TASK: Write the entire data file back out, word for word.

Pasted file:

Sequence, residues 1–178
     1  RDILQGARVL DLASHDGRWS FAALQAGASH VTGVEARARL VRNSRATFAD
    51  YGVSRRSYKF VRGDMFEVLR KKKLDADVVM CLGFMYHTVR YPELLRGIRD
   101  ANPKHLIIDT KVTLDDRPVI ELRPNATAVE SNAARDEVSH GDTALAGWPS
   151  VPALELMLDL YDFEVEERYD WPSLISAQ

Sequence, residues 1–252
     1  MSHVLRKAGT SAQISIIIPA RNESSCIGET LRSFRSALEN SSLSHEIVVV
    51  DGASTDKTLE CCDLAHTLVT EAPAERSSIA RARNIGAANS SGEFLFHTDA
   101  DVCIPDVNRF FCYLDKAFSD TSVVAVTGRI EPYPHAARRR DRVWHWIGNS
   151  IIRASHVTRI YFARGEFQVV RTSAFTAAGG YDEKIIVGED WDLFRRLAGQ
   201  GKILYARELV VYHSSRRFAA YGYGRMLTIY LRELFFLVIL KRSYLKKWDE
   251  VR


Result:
Sequence, residues 1–178
     1  RDILQGARVL DLASHDGRWS FAALQAGASH VTGVEARARL VRNSRATFAD
    51  YGVSRRSYKF VRGDMFEVLR KKKLDADVVM CLGFMYHTVR YPELLRGIRD
   101  ANPKHLIIDT KVTLDDRPVI ELRPNATAVE SNAARDEVSH GDTALAGWPS
   151  VPALELMLDL YDFEVEERYD WPSLISAQ

Sequence, residues 1–252
     1  MSHVLRKAGT SAQISIIIPA RNESSCIGET LRSFRSALEN SSLSHEIVVV
    51  DGASTDKTLE CCDLAHTLVT EAPAERSSIA RARNIGAANS SGEFLFHTDA
   101  DVCIPDVNRF FCYLDKAFSD TSVVAVTGRI EPYPHAARRR DRVWHWIGNS
   151  IIRASHVTRI YFARGEFQVV RTSAFTAAGG YDEKIIVGED WDLFRRLAGQ
   201  GKILYARELV VYHSSRRFAA YGYGRMLTIY LRELFFLVIL KRSYLKKWDE
   251  VR